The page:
Big tech will be in the hot seat this week as US lawmakers draw attention to the growing power of these business hands for two days of hearings.
Facebook will face scrutiny Tuesday morning when legislators in the Senate's bank committee are set to question the company's executives on their cryptocurrency project, Libra. On Tuesday afternoon, representatives of Facebook, Google, Apple, and Amazon face online monopoly issues on the sub-commission on antitrust, trade and administration law. And Wednesday morning it will be the house's turn to probe Facebook over its cryptocurrency venture.
Facebook's Crypto Launch Face Potential Junctions
Facebook announced its plans for Libra in June and sets ambitions to launch a digital currency by 2020 that would allow its billions of users to make financial transactions worldwide. Facebook says Libra will be managed by the Libra Association, an organization made up of more than 1
The plans could potentially shake the world banking system and immediately draw concerns from legislators and experts on privacy and anti-fraud measures. The US Security and Exchange Commission is currently discussing whether Libra is similar to a listed fund. If so, the SEC must approve Libra before launch. Even Donald Trump has spoken out against the effort. "If Facebook and other companies want to become a bank, they must seek a new bank charter and be subject to all bank settlements, just like other banks, both national and international," he tweeted last week.
In this week's hearings, Facebook is expected to argue that the new currency is primarily a payment tool, not an investment.
In statements released prior to the hearing, David Marcus, the former PayPal manager's leading Facebook's crypto course initiative, said that the company will not launch Libra until it has "fully dealt with regulatory concerns".
"We recognize the authority of economic regulators and support their oversight of this project," he said.
The company will also emphasize the Libra Association, arguing that the currency will not be powered by Facebook itself but by collecting companies.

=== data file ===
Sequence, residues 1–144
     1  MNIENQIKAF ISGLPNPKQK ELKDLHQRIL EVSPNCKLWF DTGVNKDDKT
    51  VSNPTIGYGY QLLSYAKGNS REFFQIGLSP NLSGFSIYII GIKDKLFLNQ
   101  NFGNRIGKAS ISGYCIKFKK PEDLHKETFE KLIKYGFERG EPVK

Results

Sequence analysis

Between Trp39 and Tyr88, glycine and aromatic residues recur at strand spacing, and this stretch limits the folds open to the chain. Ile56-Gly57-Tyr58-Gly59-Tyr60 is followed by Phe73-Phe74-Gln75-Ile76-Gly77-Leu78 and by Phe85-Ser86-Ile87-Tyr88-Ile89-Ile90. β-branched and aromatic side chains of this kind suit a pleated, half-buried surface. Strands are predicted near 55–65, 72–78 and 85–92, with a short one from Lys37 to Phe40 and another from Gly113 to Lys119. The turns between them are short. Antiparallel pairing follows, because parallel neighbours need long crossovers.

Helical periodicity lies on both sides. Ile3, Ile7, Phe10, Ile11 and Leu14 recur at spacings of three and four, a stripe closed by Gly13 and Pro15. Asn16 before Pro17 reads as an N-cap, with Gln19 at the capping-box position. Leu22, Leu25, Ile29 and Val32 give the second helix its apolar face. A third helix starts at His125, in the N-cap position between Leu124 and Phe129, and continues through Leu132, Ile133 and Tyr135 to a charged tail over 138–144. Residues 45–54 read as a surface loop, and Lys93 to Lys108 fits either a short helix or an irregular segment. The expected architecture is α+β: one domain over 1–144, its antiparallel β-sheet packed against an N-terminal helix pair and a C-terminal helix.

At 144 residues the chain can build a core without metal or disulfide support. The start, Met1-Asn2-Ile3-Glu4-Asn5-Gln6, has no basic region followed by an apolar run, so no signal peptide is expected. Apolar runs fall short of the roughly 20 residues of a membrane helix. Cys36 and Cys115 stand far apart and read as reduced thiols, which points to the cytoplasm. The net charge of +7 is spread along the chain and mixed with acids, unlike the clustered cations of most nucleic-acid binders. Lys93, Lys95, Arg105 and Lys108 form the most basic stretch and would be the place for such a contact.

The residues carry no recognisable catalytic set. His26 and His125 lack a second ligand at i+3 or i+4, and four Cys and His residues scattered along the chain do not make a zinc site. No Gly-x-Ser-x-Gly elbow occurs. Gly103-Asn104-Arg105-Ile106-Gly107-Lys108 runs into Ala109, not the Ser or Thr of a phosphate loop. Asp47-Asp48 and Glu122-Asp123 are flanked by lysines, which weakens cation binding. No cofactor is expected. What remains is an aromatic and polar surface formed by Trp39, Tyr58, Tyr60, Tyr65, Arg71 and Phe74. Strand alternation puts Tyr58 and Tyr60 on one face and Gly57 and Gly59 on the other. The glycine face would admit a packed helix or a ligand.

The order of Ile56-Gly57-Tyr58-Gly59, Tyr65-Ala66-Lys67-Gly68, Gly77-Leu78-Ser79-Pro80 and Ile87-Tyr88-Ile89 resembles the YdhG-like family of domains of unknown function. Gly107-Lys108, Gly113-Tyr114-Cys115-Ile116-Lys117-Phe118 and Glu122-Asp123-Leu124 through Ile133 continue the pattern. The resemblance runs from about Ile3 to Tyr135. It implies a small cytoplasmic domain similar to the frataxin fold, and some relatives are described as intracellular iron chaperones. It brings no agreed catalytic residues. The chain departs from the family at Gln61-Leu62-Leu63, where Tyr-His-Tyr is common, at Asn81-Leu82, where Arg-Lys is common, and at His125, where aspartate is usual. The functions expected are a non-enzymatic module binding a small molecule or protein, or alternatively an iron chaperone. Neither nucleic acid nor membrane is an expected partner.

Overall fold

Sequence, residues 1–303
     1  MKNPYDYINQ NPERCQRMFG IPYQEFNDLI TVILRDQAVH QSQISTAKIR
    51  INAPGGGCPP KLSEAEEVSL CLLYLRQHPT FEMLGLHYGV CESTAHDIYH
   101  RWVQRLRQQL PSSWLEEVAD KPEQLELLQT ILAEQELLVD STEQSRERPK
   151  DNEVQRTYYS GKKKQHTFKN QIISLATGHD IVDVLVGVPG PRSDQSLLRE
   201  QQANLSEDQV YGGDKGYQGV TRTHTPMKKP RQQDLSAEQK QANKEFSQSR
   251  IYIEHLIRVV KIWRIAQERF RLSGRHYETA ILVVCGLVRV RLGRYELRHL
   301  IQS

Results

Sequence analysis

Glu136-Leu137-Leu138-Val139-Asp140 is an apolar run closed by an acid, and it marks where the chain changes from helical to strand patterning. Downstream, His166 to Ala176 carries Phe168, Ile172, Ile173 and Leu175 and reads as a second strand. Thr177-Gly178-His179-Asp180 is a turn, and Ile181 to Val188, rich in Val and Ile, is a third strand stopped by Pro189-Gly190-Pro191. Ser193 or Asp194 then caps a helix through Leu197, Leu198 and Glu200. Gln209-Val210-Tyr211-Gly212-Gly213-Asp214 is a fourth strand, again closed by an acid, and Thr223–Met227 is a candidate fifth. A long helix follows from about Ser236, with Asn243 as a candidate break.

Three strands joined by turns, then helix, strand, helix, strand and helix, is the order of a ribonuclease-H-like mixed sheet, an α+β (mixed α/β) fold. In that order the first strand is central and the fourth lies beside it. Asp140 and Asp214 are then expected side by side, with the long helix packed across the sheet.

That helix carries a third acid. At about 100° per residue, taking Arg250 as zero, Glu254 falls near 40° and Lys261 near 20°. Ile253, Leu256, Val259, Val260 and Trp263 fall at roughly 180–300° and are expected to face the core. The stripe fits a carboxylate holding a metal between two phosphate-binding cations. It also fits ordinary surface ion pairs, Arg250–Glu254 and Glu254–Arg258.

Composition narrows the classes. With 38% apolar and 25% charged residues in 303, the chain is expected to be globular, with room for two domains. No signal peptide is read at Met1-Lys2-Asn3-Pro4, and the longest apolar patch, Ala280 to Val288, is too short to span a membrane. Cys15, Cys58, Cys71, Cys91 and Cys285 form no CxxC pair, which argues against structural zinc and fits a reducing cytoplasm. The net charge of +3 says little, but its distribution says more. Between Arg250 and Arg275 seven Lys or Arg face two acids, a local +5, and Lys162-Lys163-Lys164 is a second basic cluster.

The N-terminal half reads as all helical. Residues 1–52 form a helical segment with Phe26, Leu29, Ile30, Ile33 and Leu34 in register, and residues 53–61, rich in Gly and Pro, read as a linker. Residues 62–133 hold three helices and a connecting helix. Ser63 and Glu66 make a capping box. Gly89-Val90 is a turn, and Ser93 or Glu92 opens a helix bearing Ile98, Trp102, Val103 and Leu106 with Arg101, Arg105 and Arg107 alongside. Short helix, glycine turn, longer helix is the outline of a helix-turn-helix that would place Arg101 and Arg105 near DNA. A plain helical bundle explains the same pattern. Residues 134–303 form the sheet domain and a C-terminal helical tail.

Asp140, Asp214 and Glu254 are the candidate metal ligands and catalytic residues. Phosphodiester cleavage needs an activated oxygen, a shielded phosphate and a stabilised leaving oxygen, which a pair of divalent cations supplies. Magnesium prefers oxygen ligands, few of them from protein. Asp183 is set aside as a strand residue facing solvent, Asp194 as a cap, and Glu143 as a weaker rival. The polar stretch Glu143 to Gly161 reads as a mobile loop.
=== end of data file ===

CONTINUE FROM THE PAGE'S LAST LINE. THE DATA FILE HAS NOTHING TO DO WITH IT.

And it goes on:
"The Libra Association argues that financial inclusion, regulatory harmony and consumer issues are not competing targets, but works in lock with the association's goal of providing a single, global currency and financial infrastructure that provides billions of people," says Dante Disparte, head of policy and communication for the Libra Association.
In front of the hearings, many went into the crypto game around Facebook and noted that respos Nses from Congress and the Trump administration on Libra are indicative of a greater resistance to blockchain technologies.
"Facebook is today's practical punch bag and gives politicians an easy opportunity to increase their profile," said Roneil Rumburg, CEO and co founder of blockchain-based streaming service Audius. "The Crypto community will probably end up damaging the security of their saliva. While some of us may or may not agree with Libra's approach, we should all agree that their right to experiment and innovate is worth defending. "
The House's views on technological monopolies
In the house's sub-committee on the antitrust, trade and administration law, technological giants will meet lawmakers who are increasingly skeptical of the incredible power of large technology companies that hold markets such as digital advertising ( in Facebook and Google's case); and e-commerce and cloud computing (for Amazon).
On Friday, David Cicilline, who is in charge of the antitrust subcommittee, reports that the Federal Trade Commission will give Facebook $ 5 billion over privacy violations, calling the settlement a "Christmas five months early" and warning, "If the FTC will not protect Consumers, Congress must absolutely. "
The hearing on antitrust is part of a recently launched two-sided survey of online monopolies. The first consultation of the June survey focused on the impact of the online platforms on the new industry, while Tuesday's inquiry will address "innovation and entrepreneurship".
The major technology companies are likely to witness "how good they are for small businesses," said Sarah Miller, assistant director of the Open Markets Institute, a progressive thought tank that speaks to monopoly. "But that's not true."
"We have allowed these companies to gain monopoly power, and now they actually kill innovation because of their control over key trading types," Miller added. "There is no silver bullet solution, but a solution must come to the fundamentally dangerous level of power these companies have got to acquire. It's not just a bill to neutralize the power of these platforms."
Still, Miller said that Senate and house calls on Facebook's proposed crypto competition is a sign that her group's antitrust arguments are starting with lawmakers.
"Two years ago, Facebook had announced that it was creating a crypto competition, I think people would have been like," Oh, how innovative, "she said. "Now it is shut down. It's the power to really educate political decision makers."